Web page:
The Rise of Muqtada al-Sadr


At the end of March, Iraqi Prime Minister Nuri al-Maliki, with U.S. political and military support, launched Operation Knight’s Assault to assert government control over Basra and several other cities dominated by rebel cleric Muqtada al-Sadr’s Mahdi Army. George Bush called the assault a “defining moment in the history of a free Iraq.”

The U.S. and the Iraqi government–chiefly, Maliki’s Dawa Party and his backers in the Islamic Supreme Council of Iraq (ISCI)–hoped to assert central government control over Basra’s oil fields and port, and block the Sadrists from winning in October’s provincial elections. Success would have ensured their ability to establish a federal structure in Iraq and implement a new oil law allowing U.S. multinationals to invest and develop Iraq’s oil industry.

The Sadrists foiled these plans by holding their ground in Basra. The government offensive sparked demonstrations across Shia Iraq, with Mahdi forces launching mortar attacks on U.S. positions inside the Green Zone in Baghdad. After a week of fighting, Iran stepped in to broker a ceasefire.

Thus, Iran and Sadr emerged as the victors. Sensing his advantage, Sadr has called for a million-strong demonstration against the occupation on April 9, the anniversary of Saddam Hussein’s fall in 2003.

Meanwhile, the U.S. and the Iraqi government are promising to crack down on “illegal militias” and have continued their attack on Sadr strongholds in Sadr City and elsewhere.

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HOW DID the Sadrist movement arise, and what are the sources of its conflict with other Shia forces, such as the clergy-dominated Dawa party and ISCI? A new book by journalist Patrick Cockburn–called Muqtada: Muqtada al-Sadr, the Shia Revival, and the Struggle for Iraq–provides answers.

The Shia Islamist currents represented by Sadr on the one hand and the ruling Shia parites on the other were a minority until the last few decades. Iraqi politics was dominated by various secular forces–nationalism, Baath pan-Arabism and Communism.

As Cockburn writes, “Few paid much attention to the radical potential of Shi’ism before the Iranian revolution of 1978-79; the rise of Hezbollah in Lebanon following the Israeli invasion of 1982; and the Shia uprising in Iraq in 1991, followed by their gradual takeover of power after the U.S. invasion of 2003.”

The Sadrs, one of the great families of the Shia clerical establishment, played a key role in forging Shia Islamism in Iraq in the run-up to the secular nationalist revolution in 1958. Muqtada’s father-in-law, Mohammed Baqir al-Sadr, along with a layer of radical young clerics, founded the Dawa Party in 1957.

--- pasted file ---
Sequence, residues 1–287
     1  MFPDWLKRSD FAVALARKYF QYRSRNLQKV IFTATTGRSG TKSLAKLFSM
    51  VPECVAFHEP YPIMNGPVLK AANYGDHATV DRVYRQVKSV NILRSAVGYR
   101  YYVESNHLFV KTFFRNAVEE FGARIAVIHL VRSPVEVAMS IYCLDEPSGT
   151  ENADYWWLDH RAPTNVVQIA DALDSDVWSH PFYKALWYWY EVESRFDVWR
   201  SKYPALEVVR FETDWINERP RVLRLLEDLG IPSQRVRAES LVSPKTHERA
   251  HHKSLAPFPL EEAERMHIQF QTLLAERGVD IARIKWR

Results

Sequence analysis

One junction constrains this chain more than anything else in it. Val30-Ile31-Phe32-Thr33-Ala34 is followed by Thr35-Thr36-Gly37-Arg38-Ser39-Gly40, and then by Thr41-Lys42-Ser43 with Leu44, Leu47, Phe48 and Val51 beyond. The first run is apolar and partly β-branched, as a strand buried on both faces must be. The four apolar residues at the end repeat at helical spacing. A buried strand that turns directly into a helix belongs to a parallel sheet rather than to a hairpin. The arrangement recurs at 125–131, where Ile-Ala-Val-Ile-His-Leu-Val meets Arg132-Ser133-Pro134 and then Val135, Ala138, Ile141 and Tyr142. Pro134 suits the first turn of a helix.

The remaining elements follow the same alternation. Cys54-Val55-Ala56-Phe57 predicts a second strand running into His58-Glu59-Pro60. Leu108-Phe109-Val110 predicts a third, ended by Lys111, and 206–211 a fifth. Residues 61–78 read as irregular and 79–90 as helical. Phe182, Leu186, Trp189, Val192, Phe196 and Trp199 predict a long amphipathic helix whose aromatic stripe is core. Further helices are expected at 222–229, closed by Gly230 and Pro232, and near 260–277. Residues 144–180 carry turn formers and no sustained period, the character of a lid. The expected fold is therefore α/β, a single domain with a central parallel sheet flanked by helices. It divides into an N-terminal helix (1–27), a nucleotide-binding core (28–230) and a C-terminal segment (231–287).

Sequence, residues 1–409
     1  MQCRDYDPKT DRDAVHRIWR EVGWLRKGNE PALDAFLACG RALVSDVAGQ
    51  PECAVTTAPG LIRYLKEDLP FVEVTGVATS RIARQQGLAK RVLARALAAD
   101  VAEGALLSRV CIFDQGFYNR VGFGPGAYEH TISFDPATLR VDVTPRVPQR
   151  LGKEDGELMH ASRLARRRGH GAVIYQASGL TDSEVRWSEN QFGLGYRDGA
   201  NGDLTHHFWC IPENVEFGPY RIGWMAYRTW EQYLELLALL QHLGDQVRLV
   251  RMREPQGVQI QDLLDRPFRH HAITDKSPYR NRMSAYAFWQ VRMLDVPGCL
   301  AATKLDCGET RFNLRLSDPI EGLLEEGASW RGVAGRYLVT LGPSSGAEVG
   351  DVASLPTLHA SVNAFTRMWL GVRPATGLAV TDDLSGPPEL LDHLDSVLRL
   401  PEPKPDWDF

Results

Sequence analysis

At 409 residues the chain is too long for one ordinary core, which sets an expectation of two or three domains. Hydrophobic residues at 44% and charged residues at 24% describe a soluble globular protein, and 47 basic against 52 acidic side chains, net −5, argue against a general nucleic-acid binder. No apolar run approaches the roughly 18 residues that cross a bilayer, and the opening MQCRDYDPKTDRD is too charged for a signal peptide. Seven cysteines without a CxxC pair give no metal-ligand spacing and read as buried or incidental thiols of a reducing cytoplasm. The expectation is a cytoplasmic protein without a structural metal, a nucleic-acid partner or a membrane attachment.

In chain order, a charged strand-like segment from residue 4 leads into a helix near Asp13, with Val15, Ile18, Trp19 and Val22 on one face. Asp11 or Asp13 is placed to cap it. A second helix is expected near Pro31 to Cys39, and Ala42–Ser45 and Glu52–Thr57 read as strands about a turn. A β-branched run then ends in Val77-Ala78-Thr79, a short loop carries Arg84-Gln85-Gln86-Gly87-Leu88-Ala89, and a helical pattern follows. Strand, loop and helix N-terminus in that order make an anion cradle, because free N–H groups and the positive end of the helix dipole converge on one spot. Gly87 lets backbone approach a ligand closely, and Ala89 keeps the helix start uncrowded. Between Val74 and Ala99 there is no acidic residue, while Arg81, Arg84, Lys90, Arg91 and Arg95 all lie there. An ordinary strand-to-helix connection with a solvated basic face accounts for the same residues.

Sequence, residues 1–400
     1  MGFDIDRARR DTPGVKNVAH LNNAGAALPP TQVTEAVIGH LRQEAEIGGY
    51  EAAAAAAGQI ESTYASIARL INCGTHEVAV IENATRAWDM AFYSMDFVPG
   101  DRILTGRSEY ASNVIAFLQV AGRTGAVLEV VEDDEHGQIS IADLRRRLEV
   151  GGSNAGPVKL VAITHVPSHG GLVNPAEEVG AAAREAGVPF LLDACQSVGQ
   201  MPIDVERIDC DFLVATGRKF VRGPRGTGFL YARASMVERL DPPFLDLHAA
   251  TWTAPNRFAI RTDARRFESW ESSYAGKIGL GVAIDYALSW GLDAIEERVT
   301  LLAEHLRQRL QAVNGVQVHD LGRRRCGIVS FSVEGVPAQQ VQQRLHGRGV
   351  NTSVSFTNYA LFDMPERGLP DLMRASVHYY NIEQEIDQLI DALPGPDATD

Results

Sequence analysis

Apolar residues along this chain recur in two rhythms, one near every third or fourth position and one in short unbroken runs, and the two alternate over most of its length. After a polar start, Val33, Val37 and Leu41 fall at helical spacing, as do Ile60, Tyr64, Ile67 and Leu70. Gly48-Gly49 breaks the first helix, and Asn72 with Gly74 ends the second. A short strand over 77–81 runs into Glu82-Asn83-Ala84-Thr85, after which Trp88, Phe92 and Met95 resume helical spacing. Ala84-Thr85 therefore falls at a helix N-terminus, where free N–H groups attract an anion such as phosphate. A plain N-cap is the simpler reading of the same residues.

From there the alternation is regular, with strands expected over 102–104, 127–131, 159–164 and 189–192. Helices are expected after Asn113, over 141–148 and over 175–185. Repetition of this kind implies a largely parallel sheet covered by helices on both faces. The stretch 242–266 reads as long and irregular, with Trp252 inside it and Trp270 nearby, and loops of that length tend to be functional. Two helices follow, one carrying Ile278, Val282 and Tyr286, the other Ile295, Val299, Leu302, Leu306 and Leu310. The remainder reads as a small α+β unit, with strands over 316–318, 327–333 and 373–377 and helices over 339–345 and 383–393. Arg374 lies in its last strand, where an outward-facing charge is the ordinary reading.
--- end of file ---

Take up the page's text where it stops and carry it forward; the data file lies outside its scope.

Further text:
Mixing nationalist aims along with a religious commitment to defend Islam and its institutions from the secular threat, the Dawa Party aimed to build an alternative to the Iraqi Communist Party (ICP), which recruited heavily among impoverished Shia workers.

Dawa was the source of all the major currents of Islamism in Iraq today, from the ISCI to the Sadrists. Baqir was forced out of the party in 1960, but he continued his political activism in opposition to the Baath Party, which eventually seized power in a coup in 1968. With U.S. backing, the Baathists mounted a relentless campaign of persecution against all its political opponents, from the ICP to Kurdish parties to Dawa and Baqir’s Shia followers.

Baqir and Dawa’s conflict with the Baathists came to a head in 1979 after the Iranian Revolution, when the Shia clergy led by Ayatollah Khomeini seized power. Baqir became an open advocate of Islamic revolution in Iraq.

Faced with a Shia revolution in neighboring Iran and within Iraq itself, Saddam Hussein seized control of the Baath Party and the Iraqi government. The new regime banned the Dawa party, making membership in it punishable by death; it arrested and executed Baqir; and it launched a disastrous eight-year war against Iran.

During the war, another great clerical family, the Hakims, called a meeting of Shia Islamists in Iran in 1982 to form the Supreme Council of Islamic Revolution in Iraq (SCIRI, recently changed to ISCI). The Iranian state backed SCIRI and built up its Badr Brigades as a force it hoped to install in Baghdad after defeating Saddam. The Badr Brigades even fought on Iran’s side in the war against Iraq. As a result, Dawa, which had Iraqi nationalist leanings, distanced itself from SCIRI.